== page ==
This book shows that the stories about self made rugged individualists who are so widely admired are not stories of singularly talented people who took advantage of opportunities. But rather they are stories of talented people who took advantage of singular opportunities. Furthermore, the ability and disposition to work hard is not so much a personal trait as it is a cultural legacy.
The author tells numerous true stories of what appears to be shining examples of disadvantaged people who ended up being outstanding success stories. But then the author goes back through the same story and takes a look at where that person came from and shows that they benefited from a combination of a cultural background and set of unique opportunities and timing that allowed them to succeed.
The point of the book is not to explain away success stories. But rather it is to learn from these stories, and use this information to help everyone be more productive and successful. The author shows several instances where proactive steps were able to ameliorate the effect of negative cultural legacies.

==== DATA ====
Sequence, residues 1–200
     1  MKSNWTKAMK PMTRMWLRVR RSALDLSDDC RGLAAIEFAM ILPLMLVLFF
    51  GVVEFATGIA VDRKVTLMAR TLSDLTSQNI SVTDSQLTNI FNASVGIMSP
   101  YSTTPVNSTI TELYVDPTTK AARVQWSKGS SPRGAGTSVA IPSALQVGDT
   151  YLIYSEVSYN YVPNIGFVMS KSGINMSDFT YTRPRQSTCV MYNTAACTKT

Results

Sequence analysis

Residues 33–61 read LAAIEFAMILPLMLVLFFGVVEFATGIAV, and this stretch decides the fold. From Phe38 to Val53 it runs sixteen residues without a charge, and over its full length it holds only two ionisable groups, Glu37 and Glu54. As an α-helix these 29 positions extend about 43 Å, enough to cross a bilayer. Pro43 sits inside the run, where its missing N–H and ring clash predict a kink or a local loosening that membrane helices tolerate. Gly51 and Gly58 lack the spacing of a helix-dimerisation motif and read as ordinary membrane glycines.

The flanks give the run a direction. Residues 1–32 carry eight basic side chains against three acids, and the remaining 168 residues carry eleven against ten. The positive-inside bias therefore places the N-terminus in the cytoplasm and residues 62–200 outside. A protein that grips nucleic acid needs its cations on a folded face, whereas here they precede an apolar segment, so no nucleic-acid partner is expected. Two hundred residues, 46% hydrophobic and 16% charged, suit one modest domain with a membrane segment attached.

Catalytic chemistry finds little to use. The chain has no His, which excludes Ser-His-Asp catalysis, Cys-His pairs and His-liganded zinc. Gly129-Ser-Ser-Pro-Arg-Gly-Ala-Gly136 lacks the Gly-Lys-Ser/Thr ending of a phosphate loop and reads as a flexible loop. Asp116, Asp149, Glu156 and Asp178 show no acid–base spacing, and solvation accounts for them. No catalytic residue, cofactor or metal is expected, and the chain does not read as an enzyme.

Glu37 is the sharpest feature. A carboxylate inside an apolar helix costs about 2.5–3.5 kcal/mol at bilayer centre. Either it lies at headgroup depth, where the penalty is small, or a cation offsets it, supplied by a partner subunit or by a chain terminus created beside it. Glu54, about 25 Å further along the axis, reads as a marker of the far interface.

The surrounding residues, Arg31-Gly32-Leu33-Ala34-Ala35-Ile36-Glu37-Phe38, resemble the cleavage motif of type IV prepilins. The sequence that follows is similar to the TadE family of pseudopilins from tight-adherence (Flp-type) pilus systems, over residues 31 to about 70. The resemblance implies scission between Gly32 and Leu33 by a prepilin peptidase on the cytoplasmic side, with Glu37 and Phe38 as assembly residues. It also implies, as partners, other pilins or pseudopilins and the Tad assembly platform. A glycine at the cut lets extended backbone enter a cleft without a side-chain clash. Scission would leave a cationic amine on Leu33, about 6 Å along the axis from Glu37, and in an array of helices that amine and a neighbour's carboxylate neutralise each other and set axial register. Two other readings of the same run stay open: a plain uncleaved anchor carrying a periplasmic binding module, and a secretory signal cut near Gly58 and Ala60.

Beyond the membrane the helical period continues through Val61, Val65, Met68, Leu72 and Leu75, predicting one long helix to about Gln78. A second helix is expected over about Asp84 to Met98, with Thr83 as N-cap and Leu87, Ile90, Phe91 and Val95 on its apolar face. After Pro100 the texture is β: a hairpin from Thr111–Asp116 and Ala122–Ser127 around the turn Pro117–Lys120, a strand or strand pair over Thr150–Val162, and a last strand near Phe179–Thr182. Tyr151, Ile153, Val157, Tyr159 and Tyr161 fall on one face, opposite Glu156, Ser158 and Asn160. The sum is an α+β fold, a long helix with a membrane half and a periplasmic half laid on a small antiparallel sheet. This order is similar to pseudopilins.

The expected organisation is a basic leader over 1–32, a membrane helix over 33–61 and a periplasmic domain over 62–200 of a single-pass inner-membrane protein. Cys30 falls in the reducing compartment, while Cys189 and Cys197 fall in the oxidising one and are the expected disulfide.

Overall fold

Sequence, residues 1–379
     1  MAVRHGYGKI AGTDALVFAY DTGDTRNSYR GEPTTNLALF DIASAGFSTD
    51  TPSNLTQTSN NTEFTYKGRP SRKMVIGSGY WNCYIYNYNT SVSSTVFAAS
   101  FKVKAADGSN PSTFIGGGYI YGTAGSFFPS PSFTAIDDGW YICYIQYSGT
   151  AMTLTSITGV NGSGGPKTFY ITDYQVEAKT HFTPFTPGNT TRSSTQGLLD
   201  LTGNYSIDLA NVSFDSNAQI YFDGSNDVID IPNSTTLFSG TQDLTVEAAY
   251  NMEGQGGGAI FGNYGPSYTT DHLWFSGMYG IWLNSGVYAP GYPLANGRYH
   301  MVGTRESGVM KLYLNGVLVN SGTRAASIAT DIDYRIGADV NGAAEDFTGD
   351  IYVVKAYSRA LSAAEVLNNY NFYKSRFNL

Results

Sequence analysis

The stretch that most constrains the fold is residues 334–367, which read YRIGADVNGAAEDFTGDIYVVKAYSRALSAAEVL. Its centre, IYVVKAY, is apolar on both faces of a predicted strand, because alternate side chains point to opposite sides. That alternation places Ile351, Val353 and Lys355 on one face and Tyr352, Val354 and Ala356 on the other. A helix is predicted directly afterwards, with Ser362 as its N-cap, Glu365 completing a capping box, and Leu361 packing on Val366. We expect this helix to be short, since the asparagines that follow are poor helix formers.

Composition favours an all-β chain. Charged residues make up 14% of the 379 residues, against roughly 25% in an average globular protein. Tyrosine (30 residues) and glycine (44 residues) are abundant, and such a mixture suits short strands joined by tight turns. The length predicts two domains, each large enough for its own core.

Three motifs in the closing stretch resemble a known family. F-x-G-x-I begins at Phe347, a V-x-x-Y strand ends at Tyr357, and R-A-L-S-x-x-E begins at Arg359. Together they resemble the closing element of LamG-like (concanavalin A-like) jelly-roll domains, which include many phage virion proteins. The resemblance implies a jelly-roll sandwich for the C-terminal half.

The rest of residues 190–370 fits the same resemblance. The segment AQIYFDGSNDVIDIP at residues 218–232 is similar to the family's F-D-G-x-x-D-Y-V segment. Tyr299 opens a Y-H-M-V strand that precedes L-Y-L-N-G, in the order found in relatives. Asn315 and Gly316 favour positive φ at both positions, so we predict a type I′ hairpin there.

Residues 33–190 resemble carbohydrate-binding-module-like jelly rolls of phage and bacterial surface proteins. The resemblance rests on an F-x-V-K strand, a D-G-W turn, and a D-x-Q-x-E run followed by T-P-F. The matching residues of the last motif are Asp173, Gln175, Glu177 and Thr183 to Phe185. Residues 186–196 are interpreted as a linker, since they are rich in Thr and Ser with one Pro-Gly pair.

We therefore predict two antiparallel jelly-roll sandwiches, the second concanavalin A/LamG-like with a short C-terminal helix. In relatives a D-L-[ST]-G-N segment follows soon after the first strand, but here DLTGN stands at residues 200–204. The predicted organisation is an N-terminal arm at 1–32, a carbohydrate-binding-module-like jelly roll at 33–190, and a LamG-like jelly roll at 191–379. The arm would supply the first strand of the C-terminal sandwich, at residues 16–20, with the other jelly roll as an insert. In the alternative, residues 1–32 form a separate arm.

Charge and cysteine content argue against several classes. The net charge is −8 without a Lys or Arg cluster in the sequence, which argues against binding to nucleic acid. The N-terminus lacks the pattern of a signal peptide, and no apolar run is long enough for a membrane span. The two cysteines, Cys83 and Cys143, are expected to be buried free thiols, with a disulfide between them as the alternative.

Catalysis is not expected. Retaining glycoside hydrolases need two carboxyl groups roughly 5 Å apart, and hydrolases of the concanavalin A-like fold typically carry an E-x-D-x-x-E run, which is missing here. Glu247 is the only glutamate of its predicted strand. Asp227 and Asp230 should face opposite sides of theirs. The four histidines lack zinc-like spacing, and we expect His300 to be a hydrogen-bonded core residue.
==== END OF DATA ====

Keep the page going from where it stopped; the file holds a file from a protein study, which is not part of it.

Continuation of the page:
I found this book to be one of the most interesting non-fiction books that I've ever listened to. Some critics of this book have pointed out that the author, Malcolm Gladwell, didn't adhere to strict protocols in his interpretation of data. My response is that this book is for popular consumption, not the academic community. I'm confident that plenty of proper research and analysis will be performed prior to the implementation of major improvements to schools based on Gladwell's recommendations.
The following is a copy of the review of this book review taken from the Jaunary 6, 2011 PageADay
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THAT SWEET SMELL
Malcolm Gladwell makes sense of yet another aspect of our world in this pleasantly readable account of success and the qualities that lead to it. The question he poses is, Why do the Bill Gateses and Mozarts of the world succeed so brilliantly, while others of the same intelligence and talent end up leading lives of quiet desperation? Using his method of combining the latest academic studies with the most relevant and irresistible stories, Gladwell makes his case that the “outliers” beneft from advantages and opportunities that pass others up. A stimulating read, to say the least.
OUTLIERS: THE STORY OF SUCCESS, by Malcolm Gladwell (Little, Brown, 2008)